4 of 8 people found the following review helpful
Quite good, but ...,
This review is from: Crust: Bread to Get Your Teeth into (Hardcover)
The video is very good as it lets you see the techniques in action.
The resulting bread you get is great.
Lots of pictures to show finished and intermediate results.
Not so good;
The recipes seem to be baking for large numbers of people (do I really need 4 loaves at a time?)
Also the instructions on P124 don't quite match the series of photos (that one is a bit pedantic, but I looked at the photo and wondered how they managed it as I usually use the photos as the main guide).
The acid test is that I haven't used this for about a year now as other books have provided better and more reliable recipes, although I will go back and use the Pain Brie recipe.
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Showing 1-3 of 3 posts in this discussion
Initial post: 30 Aug 2011 17:17:17 BDT
Last edited by the author on 30 Aug 2011 17:28:52 BDT
A P Wetherall says:
With respect, sir, you are wrong. The recipes are entirely accurate.
According to baker's percentages 20 gms of fresh yeast (2%) is used to leaven 1 kg of flour and that is if you wish to bake within a couple of hours of the initial mix. The ferment you cite consists of 350 gms of flour. From the aforementioned you can see that 7 gms of fresh yeast (20 x 350/1000) would be sufficient for 350 gms of flour had you wanted a dough quickly.
The fermentation time in this recipe is 17-24 hrs. Since the yeast will actively divide and multiply during this prolonged rise the initial amount needs to be even less than 7 gms. A rough rule of thumb is to divide this amount by half for every four hours of fermentation. The amount given (2gms, 0.5%) is entirely adequate (and conventional) for a prolonged fermentation. The recipe is therefore accurate.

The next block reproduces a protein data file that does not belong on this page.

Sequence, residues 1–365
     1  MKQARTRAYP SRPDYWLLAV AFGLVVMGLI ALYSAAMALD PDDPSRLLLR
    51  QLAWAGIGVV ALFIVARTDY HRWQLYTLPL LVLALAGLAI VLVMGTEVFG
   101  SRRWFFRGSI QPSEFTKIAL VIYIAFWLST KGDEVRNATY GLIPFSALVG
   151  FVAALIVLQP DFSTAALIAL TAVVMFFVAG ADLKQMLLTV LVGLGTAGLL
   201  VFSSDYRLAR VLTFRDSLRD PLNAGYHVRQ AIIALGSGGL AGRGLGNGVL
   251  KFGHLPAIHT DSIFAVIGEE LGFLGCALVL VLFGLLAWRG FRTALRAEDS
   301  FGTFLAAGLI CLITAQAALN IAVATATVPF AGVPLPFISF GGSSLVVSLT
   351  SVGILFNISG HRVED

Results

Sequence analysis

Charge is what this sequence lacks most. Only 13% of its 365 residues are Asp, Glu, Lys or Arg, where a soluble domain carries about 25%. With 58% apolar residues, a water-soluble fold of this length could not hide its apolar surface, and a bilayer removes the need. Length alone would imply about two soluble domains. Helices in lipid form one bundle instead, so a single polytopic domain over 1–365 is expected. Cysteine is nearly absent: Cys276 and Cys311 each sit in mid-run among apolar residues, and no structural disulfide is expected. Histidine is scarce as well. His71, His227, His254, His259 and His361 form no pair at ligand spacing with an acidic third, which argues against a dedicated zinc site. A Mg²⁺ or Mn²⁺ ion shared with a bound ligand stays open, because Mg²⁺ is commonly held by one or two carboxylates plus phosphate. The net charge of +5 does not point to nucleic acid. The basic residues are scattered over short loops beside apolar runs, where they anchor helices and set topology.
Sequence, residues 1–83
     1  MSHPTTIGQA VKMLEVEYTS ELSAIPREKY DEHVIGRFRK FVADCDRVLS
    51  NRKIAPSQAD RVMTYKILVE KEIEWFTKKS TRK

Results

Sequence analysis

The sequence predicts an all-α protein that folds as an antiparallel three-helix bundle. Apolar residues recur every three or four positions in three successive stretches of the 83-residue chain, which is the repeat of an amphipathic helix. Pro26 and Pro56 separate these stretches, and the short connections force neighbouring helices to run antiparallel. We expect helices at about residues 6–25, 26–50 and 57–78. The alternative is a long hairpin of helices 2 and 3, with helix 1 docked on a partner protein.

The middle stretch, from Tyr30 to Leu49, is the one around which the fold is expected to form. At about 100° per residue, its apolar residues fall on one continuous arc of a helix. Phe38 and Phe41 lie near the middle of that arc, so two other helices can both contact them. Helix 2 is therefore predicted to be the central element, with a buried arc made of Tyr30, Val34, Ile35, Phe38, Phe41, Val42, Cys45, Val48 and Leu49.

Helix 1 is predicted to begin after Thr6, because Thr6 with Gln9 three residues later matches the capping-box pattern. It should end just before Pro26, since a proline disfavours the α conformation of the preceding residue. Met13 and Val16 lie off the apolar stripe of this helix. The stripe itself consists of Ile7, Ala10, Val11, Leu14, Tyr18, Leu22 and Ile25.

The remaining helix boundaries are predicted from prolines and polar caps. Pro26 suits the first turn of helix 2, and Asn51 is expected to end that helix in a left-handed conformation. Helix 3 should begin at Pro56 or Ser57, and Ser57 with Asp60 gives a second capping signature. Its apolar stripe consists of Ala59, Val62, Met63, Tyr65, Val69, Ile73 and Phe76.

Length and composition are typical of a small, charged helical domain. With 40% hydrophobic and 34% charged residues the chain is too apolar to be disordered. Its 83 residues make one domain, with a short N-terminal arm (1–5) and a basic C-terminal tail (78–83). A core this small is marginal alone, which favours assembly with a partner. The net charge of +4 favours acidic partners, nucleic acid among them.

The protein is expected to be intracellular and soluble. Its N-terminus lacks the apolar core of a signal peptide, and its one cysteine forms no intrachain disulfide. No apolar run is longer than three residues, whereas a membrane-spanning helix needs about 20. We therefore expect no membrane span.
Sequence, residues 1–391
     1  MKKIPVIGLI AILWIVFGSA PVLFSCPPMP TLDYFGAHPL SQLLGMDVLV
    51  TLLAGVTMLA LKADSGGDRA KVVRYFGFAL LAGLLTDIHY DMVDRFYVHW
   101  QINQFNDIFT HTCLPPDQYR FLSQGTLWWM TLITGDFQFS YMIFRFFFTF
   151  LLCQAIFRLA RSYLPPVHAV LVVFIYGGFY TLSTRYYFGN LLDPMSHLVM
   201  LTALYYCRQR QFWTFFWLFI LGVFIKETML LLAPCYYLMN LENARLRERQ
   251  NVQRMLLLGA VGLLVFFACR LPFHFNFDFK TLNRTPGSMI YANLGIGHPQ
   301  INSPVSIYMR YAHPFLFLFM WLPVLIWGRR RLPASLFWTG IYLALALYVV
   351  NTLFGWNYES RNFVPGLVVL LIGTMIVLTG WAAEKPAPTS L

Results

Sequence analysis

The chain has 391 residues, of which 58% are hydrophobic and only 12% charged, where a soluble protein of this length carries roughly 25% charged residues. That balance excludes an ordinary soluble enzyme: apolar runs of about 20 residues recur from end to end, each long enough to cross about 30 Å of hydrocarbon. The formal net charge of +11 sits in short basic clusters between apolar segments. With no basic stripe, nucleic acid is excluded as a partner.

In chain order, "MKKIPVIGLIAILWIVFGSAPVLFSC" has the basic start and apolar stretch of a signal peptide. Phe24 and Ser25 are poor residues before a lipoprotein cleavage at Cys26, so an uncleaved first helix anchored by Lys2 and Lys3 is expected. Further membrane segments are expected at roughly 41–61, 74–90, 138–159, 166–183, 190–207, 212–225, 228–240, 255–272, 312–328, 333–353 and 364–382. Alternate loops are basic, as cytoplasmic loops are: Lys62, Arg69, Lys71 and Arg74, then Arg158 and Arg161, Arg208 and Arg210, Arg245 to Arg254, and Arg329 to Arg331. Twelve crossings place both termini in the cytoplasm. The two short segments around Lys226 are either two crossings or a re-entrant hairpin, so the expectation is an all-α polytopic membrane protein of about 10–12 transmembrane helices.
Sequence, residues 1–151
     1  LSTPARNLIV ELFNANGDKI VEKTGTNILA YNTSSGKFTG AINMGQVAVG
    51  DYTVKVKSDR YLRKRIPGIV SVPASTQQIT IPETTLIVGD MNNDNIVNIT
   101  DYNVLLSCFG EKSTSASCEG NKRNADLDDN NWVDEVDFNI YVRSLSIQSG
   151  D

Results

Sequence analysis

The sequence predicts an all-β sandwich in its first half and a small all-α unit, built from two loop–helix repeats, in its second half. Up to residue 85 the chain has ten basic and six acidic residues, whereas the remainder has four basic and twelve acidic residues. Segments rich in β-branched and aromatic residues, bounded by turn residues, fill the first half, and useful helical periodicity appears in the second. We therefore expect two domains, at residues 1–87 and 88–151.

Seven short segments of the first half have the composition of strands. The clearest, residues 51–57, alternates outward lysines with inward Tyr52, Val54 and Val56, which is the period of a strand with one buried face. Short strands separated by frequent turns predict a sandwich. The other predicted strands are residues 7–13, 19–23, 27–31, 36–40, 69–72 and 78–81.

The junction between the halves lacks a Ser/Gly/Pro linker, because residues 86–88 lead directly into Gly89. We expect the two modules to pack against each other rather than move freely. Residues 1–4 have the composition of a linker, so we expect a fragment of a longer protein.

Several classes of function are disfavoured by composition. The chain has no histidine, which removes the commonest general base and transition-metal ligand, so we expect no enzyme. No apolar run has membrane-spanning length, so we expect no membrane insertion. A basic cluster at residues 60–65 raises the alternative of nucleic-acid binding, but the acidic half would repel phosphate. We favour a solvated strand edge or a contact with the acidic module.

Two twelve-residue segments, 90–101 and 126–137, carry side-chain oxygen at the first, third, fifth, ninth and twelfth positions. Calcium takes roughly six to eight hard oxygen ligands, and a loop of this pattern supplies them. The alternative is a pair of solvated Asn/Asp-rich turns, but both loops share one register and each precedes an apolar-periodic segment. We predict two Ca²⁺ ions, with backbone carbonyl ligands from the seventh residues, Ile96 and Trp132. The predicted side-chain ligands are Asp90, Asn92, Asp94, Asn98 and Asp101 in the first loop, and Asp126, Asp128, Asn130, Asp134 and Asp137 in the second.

The batch sizes are for more than one loaf as dough behaves better when made in larger quantities. Bread freezes well; alternatively it is a simple matter simply to halve the amounts should you wish.
In my opinion the instructions on p 124 perfectly match the photographs.
I would respectfully ask you to reconsider your comments about supposed inaccuracy and rework your review to give the 5 stars you mention at the end.
Posted on 18 Nov 2012 12:13:35 GMT
B. Montford says:
As A P Weatherall says the 2g yeast quantity for the ferment is quite correct. Don't worry - this amount of yeast will produce a lovely, well flavoured dough if you let it do it's work for 18-24 hours. The longer the ferment the less yeast you need and the better flavoured the bread will be.
After about an hour I put my ferment in the fridge and leave it there until I am ready to make the bread. Let it warm up for an hour before mixing. True you have to plan ahead to do this put it's hardly any work for the baker. Work backwards from a time you want to mix the dough so that you can mix the ferment and give it at least 18hrs to develop. You will have a lovely bubbly mixture which will make fantastic bread.
Posted on 19 Sep 2013 20:52:13 BDT
A P Wetherall says:
Interesting to see how this review has been rewritten with deletion of the accusation of "errors" in the quantity of yeast recommended for the overnight ferment! The reviewer felt he would correct the author (a professional artisan baker of some standing) and use 20gms of yeast rather than 2gms.
Shame he didn't act on his final statement of awarding 5 stars (also deleted) despite being shown to be wrong.
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